Knowledge Center Archive


Video: January 2012 Macro Summary View

By Sean P. Simko

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Hello, my name is Sean Simko. I am head of SEI Fixed Income Portfolio Management. Today’s discussion is a recap of the market activity and performance for the month of January.

2012 commenced with expectations of stronger economic growth. January’s economic calendar showed that momentum was slowing despite pockets of strength. The first read of fourth-quarter gross domestic product showed an increase of 2.8%. Estimates for first-quarter 2012 fell to the 2.0% to 2.5% range. The labor market continues to recover, with jobless claims below the psychological 400,000 mark for most of January. The non-farm payroll report showed the addition of 243,000 jobs in January. Such gains must continue in order to push the unemployment rate lower.

The Federal Open Market Committee left its lending rate target unchanged. Its statement was nearly identical to its previous one except that the expected duration of low-interest rates was extended by approximately 18 months to late 2014. The Committee also stressed again that “strains in global financial markets pose significant downside risk to the economic outlook.” Such statements tell me that the Fed will continue to provide cheap money to help spur growth.

The Fed intends to continue buying and reallocating its holdings through Operation Twist. The Treasury market was stuck in its recent range (albeit at the upper end) prior to the Fed’s announcement. After the Fed statement was released, the five-year initially rallied 10 basis points from the prior-day close, and then another six basis points to yield 73 basis points at month-end. The 10-year had a similar rally, pushing its yield down 11 basis points, followed by another 20 basis points to yield 1.79% at month-end. The two-year/ten-year spread flattened by seven basis points to end at 150 basis points. The Barclays Capital U.S. Treasury Index returned 42 basis points, while the Barclays Capital U.S. Aggregate Index returned 88 basis points.

The municipal sector, represented by Barclays Capital Municipal Index, began 2012 with a gain of 2.31% on strong fund inflows and light supply. The cash market, represented by Variable Rate Demand Obligations, saw strong demand in the first half of the month. Investors sought the safety of short-term debt as economic uncertainties surfaced. Yields at the 10-year point of the AAA general-obligation curve fell by approximately 14 basis points, while the 30-year point moved lower by 27 basis points. High-grade municipal yields as a percentage of Treasury yields fell on the month as a result of higher muni prices. The yield on 10-year AAA general-obligation debt as a percentage of Treasurys started the month around 106% and fell to 102.00% by month-end— but remains above historical averages. We expect these levels to hold amid ongoing headline risk.

Credit spreads narrowed as investors’ risk appetite increased. Aggregate investment-grade option-adjusted spreads, as measured by the Barclays Capital Credit Index, ended 26 basis points tighter and provided 165 basis points of excess return over Treasurys. Risk appetite was strong, providing the backdrop for a healthy supply calendar. There was $116 billion in new supply, with Financials providing approximately $40 billion.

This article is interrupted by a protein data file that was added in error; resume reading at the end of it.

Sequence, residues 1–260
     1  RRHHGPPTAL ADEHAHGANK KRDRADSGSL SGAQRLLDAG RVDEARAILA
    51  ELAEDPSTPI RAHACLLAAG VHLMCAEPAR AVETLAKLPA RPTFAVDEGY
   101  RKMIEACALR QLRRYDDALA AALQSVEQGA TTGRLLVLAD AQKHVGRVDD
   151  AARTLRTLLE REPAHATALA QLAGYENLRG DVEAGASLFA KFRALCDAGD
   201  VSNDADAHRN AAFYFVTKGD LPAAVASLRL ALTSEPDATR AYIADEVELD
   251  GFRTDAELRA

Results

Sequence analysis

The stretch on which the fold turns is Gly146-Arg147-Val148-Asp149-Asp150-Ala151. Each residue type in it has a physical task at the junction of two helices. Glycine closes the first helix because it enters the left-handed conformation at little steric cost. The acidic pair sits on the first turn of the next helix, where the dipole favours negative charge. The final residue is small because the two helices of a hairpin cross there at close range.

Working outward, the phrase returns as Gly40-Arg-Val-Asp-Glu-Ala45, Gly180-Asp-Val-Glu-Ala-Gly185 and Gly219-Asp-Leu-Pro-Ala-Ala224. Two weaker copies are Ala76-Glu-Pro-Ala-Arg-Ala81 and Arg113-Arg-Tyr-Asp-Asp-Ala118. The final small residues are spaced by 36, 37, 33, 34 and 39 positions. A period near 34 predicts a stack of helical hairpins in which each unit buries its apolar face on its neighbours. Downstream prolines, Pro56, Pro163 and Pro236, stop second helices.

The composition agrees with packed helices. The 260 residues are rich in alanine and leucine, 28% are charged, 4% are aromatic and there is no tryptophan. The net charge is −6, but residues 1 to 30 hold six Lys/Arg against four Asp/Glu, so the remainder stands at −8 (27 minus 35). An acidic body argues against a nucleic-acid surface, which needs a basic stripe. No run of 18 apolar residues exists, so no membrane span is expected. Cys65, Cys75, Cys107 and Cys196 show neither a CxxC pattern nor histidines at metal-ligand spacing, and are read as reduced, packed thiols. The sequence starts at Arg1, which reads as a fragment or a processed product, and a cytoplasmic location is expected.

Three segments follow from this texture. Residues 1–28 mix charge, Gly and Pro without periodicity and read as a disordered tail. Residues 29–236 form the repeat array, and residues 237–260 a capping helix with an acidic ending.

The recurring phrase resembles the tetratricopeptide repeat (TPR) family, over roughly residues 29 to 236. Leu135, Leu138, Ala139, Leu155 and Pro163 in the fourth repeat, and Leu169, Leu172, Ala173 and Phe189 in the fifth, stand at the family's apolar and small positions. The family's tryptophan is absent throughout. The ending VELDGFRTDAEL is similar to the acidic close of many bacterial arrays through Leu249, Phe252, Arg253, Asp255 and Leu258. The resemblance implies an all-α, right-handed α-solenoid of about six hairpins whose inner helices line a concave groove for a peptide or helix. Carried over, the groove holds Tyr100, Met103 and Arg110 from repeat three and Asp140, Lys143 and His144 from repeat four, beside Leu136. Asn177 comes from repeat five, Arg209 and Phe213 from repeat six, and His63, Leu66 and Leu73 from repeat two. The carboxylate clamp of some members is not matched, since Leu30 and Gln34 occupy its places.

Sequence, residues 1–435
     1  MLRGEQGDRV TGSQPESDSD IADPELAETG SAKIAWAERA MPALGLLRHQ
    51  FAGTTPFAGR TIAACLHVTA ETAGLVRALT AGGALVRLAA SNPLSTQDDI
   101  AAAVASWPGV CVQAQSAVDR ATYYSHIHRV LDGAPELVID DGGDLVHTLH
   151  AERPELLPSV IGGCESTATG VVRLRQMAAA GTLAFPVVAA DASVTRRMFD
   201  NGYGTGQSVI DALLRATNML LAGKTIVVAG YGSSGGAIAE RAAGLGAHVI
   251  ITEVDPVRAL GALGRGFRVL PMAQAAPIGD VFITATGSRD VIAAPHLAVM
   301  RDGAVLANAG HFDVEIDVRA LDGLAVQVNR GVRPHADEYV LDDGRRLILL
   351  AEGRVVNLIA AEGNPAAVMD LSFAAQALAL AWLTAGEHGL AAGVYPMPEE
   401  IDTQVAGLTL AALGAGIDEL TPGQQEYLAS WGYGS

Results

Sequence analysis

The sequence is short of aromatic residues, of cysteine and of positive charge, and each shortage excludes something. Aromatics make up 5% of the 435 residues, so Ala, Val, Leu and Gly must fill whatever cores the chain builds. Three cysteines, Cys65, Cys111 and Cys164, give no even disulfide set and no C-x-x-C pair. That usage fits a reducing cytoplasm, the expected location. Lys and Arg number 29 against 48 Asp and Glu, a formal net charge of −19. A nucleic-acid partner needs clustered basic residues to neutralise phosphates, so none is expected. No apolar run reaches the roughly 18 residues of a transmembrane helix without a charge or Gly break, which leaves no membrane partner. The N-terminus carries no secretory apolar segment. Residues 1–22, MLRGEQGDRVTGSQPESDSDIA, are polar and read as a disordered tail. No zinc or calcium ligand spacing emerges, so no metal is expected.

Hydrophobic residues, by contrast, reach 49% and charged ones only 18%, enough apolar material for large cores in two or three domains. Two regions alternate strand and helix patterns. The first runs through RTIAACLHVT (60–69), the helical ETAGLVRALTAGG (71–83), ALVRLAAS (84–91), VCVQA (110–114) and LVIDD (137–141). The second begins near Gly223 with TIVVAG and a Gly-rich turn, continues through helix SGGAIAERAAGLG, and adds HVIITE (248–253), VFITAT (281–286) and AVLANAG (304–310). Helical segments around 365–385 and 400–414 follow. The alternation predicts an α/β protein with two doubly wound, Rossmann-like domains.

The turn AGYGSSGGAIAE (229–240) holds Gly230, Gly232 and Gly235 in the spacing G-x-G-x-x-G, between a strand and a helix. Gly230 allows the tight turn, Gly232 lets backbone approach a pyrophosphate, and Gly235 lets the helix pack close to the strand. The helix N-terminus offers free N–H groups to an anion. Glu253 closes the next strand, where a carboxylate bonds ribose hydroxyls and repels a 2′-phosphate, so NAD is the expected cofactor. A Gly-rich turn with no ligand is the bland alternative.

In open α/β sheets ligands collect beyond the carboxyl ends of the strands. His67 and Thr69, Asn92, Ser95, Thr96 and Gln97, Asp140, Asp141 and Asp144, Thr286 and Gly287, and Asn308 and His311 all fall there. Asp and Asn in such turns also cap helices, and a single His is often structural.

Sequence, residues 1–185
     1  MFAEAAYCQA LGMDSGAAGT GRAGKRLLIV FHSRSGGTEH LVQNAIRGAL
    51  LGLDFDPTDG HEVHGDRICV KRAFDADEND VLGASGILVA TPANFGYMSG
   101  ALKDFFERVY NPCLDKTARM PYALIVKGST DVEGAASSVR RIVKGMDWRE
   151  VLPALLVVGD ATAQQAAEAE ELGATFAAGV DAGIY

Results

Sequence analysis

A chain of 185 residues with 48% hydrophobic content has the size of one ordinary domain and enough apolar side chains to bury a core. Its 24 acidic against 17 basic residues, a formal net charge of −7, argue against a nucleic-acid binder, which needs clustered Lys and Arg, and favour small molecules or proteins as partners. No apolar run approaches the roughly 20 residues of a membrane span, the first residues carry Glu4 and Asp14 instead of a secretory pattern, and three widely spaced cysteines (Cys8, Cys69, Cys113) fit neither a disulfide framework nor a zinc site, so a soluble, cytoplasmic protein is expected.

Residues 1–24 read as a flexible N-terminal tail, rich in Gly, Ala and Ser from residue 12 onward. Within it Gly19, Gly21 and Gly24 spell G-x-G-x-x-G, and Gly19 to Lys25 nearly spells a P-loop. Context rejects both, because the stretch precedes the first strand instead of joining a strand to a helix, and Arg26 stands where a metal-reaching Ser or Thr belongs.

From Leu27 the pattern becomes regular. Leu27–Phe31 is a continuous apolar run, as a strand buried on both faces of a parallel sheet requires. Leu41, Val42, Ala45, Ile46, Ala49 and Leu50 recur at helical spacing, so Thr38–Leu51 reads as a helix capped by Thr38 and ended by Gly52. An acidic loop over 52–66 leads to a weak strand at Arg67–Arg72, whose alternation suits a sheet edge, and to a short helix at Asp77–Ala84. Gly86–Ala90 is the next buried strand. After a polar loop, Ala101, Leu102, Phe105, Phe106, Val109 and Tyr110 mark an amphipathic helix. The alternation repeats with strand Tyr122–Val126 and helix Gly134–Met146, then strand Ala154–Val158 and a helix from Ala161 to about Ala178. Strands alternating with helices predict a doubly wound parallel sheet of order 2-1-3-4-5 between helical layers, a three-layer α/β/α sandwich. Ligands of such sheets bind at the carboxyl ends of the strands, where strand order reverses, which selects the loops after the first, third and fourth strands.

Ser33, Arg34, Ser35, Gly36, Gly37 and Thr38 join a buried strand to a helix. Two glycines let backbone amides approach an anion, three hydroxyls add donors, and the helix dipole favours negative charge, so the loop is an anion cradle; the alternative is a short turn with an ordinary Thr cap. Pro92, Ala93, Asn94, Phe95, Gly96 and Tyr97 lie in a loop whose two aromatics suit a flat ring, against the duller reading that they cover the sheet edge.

The economic picture remains clouded due to the ongoing European debt crisis and tepid U.S. economic growth. Given the headwinds, Fed Chairman Ben Bernanke may continue to hint at another round of fresh asset purchases. We maintain our view that the U.S. economy is showing signs of continued but slow growth. We look to remain underweight Treasurys, but will consider buying on dips if meaningful opportunities arise. We have a positive view of Treasury Inflation Protected Securities, as the Fed’s policy efforts have set the backdrop for future inflation. We are also positive toward investment-grade corporate debt and neutral on agency spreads. Finally, we expect volatility to remain as investors continue dissecting the risks and potential outcomes of the European debt crisis.

If you have any questions regarding this commentary or the markets, please contact your SEI representative. Thank you.      

This material represents an assessment of the market environment at a specific point in time and is not intended to be a forecast of future events, or a guarantee of future results. This information should not be relied upon by the reader as research or investment advice. This information is for educational purposes only.

There are risks involved with investing, including loss of principal. Diversification may not protect against risk. TIPS can provide investors a hedge against inflation, as the inflation-adjustment feature helps preserve the purchasing power of the investment. Because of this inflation-adjustment feature, inflation-protected bonds typically have lower yields than conventional fixed-rate bonds and will likely decline in price during periods of deflation, which could result in losses. Bonds and bond funds will decrease in value as interest rates rise. No mention of particular securities should be construed as a recommendation or considered an offer to sell or a solicitation to buy any securities.

SEI Investments Management Corporation or its employees may sometimes hold positions in the securities discussed here. Fixed Income Portfolio Management is a unit of SEI Investments Management Corporation, which serves as the investment advisor.